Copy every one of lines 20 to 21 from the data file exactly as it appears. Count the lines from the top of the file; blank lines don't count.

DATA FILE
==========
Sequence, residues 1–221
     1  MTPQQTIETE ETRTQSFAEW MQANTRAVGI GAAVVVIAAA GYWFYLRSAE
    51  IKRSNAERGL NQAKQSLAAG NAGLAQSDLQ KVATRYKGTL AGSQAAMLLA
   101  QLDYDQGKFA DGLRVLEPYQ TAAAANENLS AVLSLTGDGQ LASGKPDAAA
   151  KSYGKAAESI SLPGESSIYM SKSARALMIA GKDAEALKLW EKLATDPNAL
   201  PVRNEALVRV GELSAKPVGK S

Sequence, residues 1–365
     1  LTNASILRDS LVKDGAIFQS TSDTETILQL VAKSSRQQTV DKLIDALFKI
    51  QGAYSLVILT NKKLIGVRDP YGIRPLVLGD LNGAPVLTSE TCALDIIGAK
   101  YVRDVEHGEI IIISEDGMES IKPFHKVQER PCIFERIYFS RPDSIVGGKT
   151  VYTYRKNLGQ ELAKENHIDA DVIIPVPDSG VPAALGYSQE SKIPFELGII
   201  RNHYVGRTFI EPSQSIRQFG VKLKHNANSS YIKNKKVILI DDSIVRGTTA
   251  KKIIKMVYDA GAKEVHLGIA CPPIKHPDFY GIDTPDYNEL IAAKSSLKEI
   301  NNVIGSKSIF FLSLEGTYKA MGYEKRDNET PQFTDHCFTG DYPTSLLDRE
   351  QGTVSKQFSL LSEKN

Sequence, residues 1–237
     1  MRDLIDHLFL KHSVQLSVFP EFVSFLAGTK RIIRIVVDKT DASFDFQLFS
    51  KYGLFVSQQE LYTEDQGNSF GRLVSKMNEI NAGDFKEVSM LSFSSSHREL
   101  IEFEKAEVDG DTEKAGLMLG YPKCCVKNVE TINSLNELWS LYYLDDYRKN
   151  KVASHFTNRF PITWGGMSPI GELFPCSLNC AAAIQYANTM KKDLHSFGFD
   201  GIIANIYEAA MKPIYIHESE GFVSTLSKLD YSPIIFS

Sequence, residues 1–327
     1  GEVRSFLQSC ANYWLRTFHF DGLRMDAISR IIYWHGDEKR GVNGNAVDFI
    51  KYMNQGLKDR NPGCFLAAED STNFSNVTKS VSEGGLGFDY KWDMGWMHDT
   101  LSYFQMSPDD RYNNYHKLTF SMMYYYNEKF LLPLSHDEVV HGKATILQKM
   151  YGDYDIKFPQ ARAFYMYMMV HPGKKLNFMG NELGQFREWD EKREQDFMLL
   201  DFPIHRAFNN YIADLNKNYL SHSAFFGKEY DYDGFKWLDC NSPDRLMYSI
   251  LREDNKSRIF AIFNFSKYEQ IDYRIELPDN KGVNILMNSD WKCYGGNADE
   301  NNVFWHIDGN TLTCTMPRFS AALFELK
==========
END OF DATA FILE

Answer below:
   151  KVASHFTNRF PITWGGMSPI GELFPCSLNC AAAIQYANTM KKDLHSFGFD
   201  GIIANIYEAA MKPIYIHESE GFVSTLSKLD YSPIIFS